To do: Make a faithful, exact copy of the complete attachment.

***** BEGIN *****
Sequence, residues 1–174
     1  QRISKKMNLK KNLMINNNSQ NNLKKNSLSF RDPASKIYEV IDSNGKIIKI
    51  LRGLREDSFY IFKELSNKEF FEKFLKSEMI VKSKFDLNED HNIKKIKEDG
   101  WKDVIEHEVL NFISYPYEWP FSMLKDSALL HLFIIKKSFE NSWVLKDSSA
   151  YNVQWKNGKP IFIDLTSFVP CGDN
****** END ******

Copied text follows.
Sequence, residues 1–174
     1  QRISKKMNLK KNLMINNNSQ NNLKKNSLSF RDPASKIYEV IDSNGKIIKI
    51  LRGLREDSFY IFKELSNKEF FEKFLKSEMI VKSKFDLNED HNIKKIKEDG
   101  WKDVIEHEVL NFISYPYEWP FSMLKDSALL HLFIIKKSFE NSWVLKDSSA
   151  YNVQWKNGKP IFIDLTSFVP CGDN